Bolling Op-Ed Offers Ideas On Economy To President ObamaOct 12, 2010
In Sunday's Roanoke Times, Lt. Governor Bill Bolling offered up an op-ed with some basic, sound ideas for improving the economy to President Obama in what amounted to an open letter. He provided seven suggestions to the president's economic team, but the likelihood of the administration adhering to any of them is slight at best. After all, not only is this the most ideologically left-wing rooted president in history . . . but he doesn't have an ecomomic team. They've all resigned (Business & Media Institute). Just in case someone remained behind, the White House should take heed from someone who, in his role of Chief Jobs Creation Officer, meets with people every day who create jobs, not theoriticians who have worked in government their entire lives. The country is overtaxed, over regulated and feels the weight of the behemoth government suffocating the life out of our economic system.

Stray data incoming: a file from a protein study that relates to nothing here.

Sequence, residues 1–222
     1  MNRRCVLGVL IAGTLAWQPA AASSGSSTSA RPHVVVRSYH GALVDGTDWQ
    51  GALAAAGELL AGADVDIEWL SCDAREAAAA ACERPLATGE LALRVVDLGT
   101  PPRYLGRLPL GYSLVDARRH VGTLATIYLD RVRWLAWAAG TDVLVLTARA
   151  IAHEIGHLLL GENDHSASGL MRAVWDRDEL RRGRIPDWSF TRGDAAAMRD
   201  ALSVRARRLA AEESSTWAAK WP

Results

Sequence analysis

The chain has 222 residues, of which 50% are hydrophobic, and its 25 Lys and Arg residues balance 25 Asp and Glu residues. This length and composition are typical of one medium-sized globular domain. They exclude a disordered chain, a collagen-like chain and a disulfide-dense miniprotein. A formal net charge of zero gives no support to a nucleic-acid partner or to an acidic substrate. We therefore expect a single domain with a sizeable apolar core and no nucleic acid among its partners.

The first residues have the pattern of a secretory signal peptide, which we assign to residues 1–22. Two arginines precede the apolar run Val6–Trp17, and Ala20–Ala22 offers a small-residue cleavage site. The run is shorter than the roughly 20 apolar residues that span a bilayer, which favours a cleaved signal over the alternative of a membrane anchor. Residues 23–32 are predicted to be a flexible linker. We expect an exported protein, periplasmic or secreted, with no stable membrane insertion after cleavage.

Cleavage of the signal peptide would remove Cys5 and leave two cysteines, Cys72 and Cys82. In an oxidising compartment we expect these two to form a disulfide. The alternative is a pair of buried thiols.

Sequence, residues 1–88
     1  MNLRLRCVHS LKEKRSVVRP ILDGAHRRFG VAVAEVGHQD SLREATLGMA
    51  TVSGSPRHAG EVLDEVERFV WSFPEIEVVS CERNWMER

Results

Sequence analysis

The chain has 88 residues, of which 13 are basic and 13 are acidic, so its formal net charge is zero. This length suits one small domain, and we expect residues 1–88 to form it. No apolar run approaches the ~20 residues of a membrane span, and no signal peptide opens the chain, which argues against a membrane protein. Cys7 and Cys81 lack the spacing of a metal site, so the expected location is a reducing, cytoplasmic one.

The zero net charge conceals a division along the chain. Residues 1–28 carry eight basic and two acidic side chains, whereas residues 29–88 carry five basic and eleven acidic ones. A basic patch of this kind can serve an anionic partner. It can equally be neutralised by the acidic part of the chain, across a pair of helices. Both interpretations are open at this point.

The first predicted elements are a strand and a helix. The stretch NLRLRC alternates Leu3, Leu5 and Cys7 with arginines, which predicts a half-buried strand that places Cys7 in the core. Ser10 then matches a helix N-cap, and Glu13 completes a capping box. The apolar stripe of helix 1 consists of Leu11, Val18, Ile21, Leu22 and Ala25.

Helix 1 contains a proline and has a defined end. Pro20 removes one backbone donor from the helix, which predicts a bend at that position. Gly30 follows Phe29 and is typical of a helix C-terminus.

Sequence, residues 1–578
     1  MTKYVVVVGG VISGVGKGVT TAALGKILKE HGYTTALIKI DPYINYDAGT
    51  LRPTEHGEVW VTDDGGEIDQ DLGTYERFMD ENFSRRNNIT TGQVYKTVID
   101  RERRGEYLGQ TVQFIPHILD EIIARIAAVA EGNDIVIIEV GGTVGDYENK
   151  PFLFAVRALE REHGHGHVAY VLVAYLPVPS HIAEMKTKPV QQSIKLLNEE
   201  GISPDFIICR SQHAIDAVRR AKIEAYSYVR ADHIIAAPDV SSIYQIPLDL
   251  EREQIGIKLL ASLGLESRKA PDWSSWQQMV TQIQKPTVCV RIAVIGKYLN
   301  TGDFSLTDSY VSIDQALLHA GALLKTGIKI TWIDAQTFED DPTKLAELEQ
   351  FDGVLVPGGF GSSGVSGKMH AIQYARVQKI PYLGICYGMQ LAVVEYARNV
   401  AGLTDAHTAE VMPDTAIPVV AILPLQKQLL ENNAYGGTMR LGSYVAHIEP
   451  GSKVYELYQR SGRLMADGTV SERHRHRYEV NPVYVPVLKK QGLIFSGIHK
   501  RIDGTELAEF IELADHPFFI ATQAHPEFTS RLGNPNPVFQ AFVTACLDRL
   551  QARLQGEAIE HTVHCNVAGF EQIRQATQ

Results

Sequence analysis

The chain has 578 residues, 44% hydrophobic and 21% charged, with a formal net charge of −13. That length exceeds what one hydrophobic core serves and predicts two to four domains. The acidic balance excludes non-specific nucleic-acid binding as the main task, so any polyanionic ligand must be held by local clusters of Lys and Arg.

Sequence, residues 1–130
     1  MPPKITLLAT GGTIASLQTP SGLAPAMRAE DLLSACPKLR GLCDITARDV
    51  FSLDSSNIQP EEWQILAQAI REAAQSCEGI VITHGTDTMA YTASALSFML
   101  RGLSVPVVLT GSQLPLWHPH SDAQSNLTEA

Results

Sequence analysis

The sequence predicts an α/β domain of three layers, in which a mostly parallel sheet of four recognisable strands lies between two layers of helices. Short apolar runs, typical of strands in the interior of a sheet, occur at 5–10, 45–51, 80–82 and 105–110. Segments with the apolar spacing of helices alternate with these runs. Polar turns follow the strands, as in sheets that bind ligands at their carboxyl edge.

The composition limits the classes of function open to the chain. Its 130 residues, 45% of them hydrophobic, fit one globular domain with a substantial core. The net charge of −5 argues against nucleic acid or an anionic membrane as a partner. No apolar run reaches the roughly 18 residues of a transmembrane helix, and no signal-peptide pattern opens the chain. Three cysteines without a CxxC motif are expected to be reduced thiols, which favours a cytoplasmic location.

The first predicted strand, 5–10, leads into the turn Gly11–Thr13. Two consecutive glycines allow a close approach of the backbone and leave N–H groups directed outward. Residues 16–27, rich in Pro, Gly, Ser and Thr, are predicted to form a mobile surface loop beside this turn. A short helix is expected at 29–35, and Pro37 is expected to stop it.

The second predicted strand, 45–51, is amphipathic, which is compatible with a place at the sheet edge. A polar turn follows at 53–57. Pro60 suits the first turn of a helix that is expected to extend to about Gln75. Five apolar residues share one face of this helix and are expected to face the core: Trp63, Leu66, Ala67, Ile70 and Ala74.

Among the ideas offered by the LG are to extend all of the 2001 and 2003 tax cuts and provide additional tax relief, reign in the job-killing EPA and relax restrictive regulations preventing banks from lending money to businesses for expansion. He also advocates repealing "those portions of the federal health care bill that impose massive mandates, fines and penalties on businesses." That may be almost all of the new law, but he should have stated simply that it should be repealed in its entirety.
Lastly, Mr. Bolling wisely suggests a reduction of federal spending by at least five percent per year until it reaches 2006 levels. A good start, and better than the House Republicans' "Pledge To America" which plans to bring spending down to the 2008 level. But the federal budget was in the $2.5 trillion range even in 2006. There is much more fat to be cut.
If Republicans do succeed in winning control of either or both chambers of Congress, it's first test will be to prove their seriousness in significantly reducing the size and scope of governement and to provide a glide path down to solvency.